Just gotta figure out where we eat breakfast and come have a cup of coffee with us, lol. I say that but I haven't talked to my "neighbors" about burning up their fields with rockets yet. I'm happy enough for the most part blasting an A or a B over my garden, and occasionally going bigger to lose a rocket to the forestI used ro fly LPR stuff at a location just an hour away. Club lost it late last year and has been trying to secure another location ever since. Seems most landowners are not interested or are reluctant for one reason or another.
First time I launch since original post. My Black Brant II (modified for 18mm) on a B4-4 (from Rocket-store.com) was under powered....started to slow up too soon..maybe 200 feet. Lost my chute... no damage.. I tied a poor knob. ..Next time B6-4. This was my first experience with a B4, Estes Phoenix? (plastic fins.), beautiful straight flight on D12-5..slight rotation going up but lost sight again (damn eyes) anyway she crash, weak ejection charge or too tightly pack wadding. This is 2nd time she crash (1st-15 years ago).....last time was a weak charge that Estes fix (new cone, upper tube). Do I get discourage...hell no.....this is the characteristics of the hobby.....lost a rocket, CATO or occasionally a crash. So newbies..keep building and sometimes ..keep losing a rocket.To everyone, including some new members who can not wait to launch a rockets 1000 feet or more or go into High Power just for the fire, smoke and Yes..that roar of a Composite engine, I lost another Rocket today..the god old Estes Bull Pup on a B6-4 engine. I have a small field, followed the rocket up almost til the end (but my poor eye sight) , I heared the POP of ejection, a.good sign but no small aircraft with my special 8 inch parachute. A few things hurt and losing a rocket is one of them. A month ago I almost lost the AMRAAM..great C flyer and found it on my way back to launch pad. So newbies and even oldsters unless you have a big field and extra eyes (20/20 or better) to track...take you time in your quest for power and altitude.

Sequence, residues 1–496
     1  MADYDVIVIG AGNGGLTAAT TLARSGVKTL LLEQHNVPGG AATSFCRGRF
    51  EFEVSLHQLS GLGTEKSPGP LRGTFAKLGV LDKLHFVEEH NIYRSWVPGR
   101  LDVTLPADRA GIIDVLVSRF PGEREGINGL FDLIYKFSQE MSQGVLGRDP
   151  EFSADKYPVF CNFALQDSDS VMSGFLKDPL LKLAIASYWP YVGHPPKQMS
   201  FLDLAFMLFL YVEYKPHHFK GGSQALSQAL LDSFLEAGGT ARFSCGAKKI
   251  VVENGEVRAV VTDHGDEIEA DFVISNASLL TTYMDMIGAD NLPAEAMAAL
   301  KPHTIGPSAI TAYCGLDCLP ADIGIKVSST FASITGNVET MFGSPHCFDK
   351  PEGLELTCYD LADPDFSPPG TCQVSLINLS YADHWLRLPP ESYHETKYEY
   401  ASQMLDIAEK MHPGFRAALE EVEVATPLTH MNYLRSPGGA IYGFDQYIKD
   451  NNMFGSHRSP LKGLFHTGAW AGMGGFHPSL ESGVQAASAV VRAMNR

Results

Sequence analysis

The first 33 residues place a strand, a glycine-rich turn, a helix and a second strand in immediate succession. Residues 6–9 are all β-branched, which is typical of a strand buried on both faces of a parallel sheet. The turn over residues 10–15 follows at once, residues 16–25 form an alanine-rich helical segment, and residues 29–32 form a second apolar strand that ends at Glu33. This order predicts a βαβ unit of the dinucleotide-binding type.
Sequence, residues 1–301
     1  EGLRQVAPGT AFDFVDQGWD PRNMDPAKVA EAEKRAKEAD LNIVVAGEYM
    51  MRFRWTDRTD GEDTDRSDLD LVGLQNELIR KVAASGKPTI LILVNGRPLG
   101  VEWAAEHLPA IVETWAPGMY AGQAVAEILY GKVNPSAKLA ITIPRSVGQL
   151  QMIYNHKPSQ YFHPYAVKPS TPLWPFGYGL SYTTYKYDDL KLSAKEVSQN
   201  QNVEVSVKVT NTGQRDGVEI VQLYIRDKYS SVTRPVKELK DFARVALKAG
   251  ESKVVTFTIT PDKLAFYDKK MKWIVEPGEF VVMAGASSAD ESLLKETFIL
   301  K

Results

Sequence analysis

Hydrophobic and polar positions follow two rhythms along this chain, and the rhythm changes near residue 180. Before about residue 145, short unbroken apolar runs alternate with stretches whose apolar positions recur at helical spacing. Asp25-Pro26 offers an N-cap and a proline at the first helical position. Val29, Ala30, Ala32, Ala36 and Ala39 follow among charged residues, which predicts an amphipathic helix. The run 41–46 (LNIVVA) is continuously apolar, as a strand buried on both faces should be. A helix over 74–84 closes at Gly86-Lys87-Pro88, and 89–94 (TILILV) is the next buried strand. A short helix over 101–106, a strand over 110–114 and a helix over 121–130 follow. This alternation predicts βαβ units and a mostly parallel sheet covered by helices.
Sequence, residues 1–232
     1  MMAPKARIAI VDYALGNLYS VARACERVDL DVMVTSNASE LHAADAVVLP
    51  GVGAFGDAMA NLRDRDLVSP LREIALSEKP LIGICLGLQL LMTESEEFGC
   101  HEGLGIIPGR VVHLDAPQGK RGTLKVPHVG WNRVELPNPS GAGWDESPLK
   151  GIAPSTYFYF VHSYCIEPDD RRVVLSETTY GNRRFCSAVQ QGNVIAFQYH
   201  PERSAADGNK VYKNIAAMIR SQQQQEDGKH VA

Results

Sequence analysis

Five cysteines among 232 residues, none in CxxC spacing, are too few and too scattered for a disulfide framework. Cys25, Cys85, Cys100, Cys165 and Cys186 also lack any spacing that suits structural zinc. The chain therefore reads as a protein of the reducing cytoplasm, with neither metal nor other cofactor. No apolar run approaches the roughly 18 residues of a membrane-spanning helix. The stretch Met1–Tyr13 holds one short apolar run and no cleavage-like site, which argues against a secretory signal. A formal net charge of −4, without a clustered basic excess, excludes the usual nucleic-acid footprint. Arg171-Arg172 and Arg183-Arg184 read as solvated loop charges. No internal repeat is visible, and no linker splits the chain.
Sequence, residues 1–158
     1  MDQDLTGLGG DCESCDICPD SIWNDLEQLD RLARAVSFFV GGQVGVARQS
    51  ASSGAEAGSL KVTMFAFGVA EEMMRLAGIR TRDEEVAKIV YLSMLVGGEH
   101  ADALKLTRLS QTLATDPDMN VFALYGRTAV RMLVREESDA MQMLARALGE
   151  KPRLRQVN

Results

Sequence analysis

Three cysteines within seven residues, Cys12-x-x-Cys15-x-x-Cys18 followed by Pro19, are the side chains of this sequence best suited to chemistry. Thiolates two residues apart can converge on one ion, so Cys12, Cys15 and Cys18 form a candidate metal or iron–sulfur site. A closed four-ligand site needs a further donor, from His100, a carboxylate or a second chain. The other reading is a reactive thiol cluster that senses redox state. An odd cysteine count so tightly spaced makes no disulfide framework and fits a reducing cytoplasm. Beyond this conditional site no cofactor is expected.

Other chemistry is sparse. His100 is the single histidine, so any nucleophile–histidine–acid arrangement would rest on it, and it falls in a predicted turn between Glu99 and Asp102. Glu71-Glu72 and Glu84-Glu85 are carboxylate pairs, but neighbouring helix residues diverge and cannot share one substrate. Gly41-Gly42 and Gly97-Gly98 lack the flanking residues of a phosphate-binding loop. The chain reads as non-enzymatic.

I don't know Josh, low deployment velocity...sorry, does not makes sense...and hard to do...just use a good nylon chute, as to zipper, I believe it is a result of Kevlar......otherwise you just indirectly stated, JLCR is a mistake. Flight time......just altitude. But hey, go ahead try anything you like. Too bad NYC/NJ and Conn....area large fields are hard to find.I've only been building rockets for a year, but my "how high can it go?" bug has been pushed down a lot by seeing birds vanish into a giant stand of trees and never be found again. My first bird, an Alpha III, has long since been lost that way....
I use OpenRocket, and I now try to optimize for two things:
1) Low deployment velocity (preventing excess shock when chute deploys);
2) Total flight time less than or equal to 30 seconds.
This isn't to say that I'm not going to try for some personal altitude records.... but with the idea that I might lose said bird.